Low Scores for White House on Transparency

The public isn’t convinced that the government is open with Americans, according to a new survey. The ForeSee Results / Nextgov Government Transparency Study measured citizen perceptions of government transparency with the White House and Congress, among other government entities.

The White House earned a 46 on the study’s 100-point scale for its efforts to be transparent about what it is doing; federal agencies overall scored a 40, and Congress was at the bottom with a score of 37, nine points below the White House score.

To measure perceptions of transparency, ForeSee Results asked people to evaluate the White House, Congress, and other private- and public-sector organizations on three aspects of transparency (as defined by the Executive Memo on Transparency and Open Government released nearly two years ago):  the thoroughness of information disclosure, the speed with which it is released, and the ease of accessing it.

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The White House came out on top of every category measured, including transparency, citizen satisfaction, trust, accountability, perceived goodwill, competence, and integrity.

Congress had the lowest scores of any government entity in each of these categories, though it did surpass three of the four government-regulated private industries that were measured purely to provide a benchmark and comparison score for government. 

The industries were chosen for study because of their history of transparency issues and frequent news coverage, according to ForeSee Results.

Transparency Scores for Government Entities:

  • White House: 46
  • Government Overall: 42
  • Agencies and Departments Overall: 40
  • Congress: 37

Transparency Scores for Government-Regulated Private Industries:

  • Airlines: 38 (the only private industry to score higher than Congress)
  • Banking: 32
  • Healthcare: 32
  • Oil and Gas: 30

“While a score of 46 on a 100-point scale is hardly anything to write home about, I do give the White House some credit,” said Larry Freed, president and CEO of ForeSee Results and author of the study.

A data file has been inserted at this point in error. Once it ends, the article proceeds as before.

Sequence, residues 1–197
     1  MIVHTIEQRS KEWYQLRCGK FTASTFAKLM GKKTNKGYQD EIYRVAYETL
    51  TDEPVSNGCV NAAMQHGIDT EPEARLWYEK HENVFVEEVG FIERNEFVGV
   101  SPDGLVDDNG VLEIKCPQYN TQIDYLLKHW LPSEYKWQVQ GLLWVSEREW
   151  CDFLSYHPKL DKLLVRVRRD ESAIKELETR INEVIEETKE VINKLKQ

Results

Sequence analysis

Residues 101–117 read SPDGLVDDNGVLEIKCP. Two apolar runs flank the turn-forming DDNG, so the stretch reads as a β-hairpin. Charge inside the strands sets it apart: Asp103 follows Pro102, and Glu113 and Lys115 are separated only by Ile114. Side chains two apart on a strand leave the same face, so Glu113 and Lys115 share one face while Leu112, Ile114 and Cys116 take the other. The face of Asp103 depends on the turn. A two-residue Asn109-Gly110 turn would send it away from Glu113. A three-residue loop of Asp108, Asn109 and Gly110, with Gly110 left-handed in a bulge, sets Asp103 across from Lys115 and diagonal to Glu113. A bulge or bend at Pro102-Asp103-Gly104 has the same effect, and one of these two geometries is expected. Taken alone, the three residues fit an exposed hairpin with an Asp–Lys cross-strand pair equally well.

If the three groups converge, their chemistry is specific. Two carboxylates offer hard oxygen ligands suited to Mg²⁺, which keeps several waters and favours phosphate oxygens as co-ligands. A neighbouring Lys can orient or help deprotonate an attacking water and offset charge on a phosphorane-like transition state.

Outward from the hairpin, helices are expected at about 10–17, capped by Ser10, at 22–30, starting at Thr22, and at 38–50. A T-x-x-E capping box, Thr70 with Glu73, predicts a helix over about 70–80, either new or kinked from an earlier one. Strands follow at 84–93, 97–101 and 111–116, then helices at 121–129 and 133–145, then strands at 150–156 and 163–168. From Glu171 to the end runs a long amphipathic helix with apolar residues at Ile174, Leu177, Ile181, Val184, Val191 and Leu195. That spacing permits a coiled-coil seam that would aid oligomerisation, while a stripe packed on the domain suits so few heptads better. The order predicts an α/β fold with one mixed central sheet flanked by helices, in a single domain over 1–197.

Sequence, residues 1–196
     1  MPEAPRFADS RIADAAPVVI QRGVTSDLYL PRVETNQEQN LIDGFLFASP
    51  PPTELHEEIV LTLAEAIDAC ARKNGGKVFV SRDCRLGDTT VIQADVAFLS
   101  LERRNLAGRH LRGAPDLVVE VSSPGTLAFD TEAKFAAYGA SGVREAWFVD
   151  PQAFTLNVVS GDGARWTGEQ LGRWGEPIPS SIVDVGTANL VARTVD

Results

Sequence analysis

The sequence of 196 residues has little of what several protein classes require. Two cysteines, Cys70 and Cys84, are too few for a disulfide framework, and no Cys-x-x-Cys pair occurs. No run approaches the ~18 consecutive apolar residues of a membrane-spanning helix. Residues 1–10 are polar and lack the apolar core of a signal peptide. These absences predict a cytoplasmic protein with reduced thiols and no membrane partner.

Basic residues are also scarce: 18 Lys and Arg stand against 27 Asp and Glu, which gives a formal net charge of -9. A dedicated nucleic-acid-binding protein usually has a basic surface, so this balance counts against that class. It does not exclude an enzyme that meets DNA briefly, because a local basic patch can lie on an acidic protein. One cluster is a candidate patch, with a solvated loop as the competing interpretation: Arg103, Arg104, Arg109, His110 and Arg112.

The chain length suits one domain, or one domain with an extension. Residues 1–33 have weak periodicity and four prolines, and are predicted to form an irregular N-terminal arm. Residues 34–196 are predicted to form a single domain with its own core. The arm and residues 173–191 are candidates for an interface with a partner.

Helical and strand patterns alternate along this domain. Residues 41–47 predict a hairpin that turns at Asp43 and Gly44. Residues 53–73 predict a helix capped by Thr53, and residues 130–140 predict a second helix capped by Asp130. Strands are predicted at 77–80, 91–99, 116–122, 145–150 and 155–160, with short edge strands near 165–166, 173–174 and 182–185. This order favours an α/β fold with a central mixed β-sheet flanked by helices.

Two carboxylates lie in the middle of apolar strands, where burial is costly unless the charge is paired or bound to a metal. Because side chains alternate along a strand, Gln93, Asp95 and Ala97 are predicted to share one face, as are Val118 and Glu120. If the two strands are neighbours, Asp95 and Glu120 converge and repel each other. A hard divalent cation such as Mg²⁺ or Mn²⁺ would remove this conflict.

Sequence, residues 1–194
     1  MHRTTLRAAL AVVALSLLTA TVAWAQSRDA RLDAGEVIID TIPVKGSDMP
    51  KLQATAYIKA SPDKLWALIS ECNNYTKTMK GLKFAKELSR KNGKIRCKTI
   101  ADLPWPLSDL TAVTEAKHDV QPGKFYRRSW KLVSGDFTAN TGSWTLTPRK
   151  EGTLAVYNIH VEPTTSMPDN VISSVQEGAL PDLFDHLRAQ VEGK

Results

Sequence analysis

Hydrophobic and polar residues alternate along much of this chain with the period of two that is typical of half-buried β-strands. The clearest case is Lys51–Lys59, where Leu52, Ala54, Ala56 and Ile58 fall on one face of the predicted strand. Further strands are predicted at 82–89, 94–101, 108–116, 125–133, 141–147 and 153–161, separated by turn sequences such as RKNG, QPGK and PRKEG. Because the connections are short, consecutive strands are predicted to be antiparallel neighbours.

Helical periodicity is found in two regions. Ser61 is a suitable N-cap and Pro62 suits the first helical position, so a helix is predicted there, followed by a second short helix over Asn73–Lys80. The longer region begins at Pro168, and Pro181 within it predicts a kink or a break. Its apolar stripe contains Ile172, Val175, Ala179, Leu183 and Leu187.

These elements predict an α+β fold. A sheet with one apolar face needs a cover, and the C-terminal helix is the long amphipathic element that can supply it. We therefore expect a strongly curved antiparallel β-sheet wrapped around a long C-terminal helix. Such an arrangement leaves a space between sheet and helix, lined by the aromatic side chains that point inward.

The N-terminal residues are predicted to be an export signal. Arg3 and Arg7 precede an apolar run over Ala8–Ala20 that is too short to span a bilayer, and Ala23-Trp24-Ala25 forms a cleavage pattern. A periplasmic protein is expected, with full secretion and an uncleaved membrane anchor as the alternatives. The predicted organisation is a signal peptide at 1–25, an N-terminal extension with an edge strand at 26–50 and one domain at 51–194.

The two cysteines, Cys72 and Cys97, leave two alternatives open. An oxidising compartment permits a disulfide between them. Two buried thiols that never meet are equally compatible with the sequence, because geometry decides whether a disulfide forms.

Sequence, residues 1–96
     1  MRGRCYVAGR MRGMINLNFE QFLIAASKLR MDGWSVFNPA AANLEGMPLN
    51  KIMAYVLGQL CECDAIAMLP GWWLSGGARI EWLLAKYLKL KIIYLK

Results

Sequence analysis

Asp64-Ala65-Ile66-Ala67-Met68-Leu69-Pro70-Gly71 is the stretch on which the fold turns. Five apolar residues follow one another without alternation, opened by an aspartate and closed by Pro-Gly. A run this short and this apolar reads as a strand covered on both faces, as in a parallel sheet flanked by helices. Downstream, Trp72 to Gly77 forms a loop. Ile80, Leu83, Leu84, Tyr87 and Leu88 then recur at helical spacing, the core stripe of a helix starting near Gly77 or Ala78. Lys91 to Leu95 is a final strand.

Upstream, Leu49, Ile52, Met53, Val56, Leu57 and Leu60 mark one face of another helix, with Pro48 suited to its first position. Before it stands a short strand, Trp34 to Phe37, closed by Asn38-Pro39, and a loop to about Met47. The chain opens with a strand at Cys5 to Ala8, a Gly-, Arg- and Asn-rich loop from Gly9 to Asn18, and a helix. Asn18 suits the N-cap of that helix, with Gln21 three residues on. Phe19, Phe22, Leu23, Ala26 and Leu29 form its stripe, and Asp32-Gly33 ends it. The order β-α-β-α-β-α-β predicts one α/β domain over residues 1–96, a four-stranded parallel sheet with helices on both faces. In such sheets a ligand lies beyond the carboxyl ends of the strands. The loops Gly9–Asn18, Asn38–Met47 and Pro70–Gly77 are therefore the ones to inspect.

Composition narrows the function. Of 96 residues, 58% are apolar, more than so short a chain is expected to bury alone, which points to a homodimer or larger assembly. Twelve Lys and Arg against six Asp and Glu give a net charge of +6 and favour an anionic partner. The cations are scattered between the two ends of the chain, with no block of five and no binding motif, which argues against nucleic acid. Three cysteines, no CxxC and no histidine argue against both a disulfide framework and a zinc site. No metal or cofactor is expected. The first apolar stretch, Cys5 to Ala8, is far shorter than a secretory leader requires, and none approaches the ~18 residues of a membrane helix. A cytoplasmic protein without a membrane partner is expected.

“The White House is the only branch of government making any proactive or quantifiable attempts at transparency, which are clearly paying modest dividends, because the executive branch not only has the highest transparency scores, but has the highest scores for citizen satisfaction, trust, integrity, and competence.”

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The study found that demographics played a hand in transparency ratings.

People giving higher transparency ratings have a tendency to be Democrats, liberal, and urban, and they tend to rely on social media, MSNBC, and the Daily Show for information about government. 

On the other hand, people giving lower transparency scores tend to be Republican, conservative, rural, religious, and rely on FOXNews for information about government.

“This suggests to me that in some cases, views on transparency are as heavily influenced by personal views and experiences as by the actions of the government,” said Tom Shoop, editor-in-chief, Government Executive Media Group (Nextgov’s parent organization). 

Nextgov partnered with ForeSee Results’ for the research and analysis.

In a coordinated report, ForeSee Results released transparency scores for 30 individual federal websites.

The study shows that the average transparency score for government websites is 75.8, up nearly a point since last quarter. 

While not directly analogous to the White House’s score of 46 or the Congress’ score of 37, e-government clearly provides a tremendous opportunity to increase both actual transparency and citizen perceptions of it, believes ForeSee Results.

“Websites provide such a huge opportunity when it comes to open government,” added Freed.

“Government organizations can increase trust, participation, and collaboration just by boosting adaptation, sophistication, and effectiveness of e-gov initiatives, which will make government more democratic, accountable, effective, and cost-efficient.”

The Foresee / Nextgov Government Transparency Study surveyed 5,107 people online at random from August 25-September 4, 2010.  Answers to the survey were then run through the American Customer Satisfaction Index (ACSI) statistical model to generate a numerical score.

The survey findings were released Wednesday, Oct. 20.

As an agency for customer satisfaction measurement, ForeSee Results captures and analyzes customer data to help both private-sector and public-sector organizations increase loyalty, recommendations and marketing value. It is a privately held company headquartered in Ann Arbor, Michigan.

Nextgov.com is a leading federal technology web site targeting federal decision makers.

Photo courtesy: Nextgov

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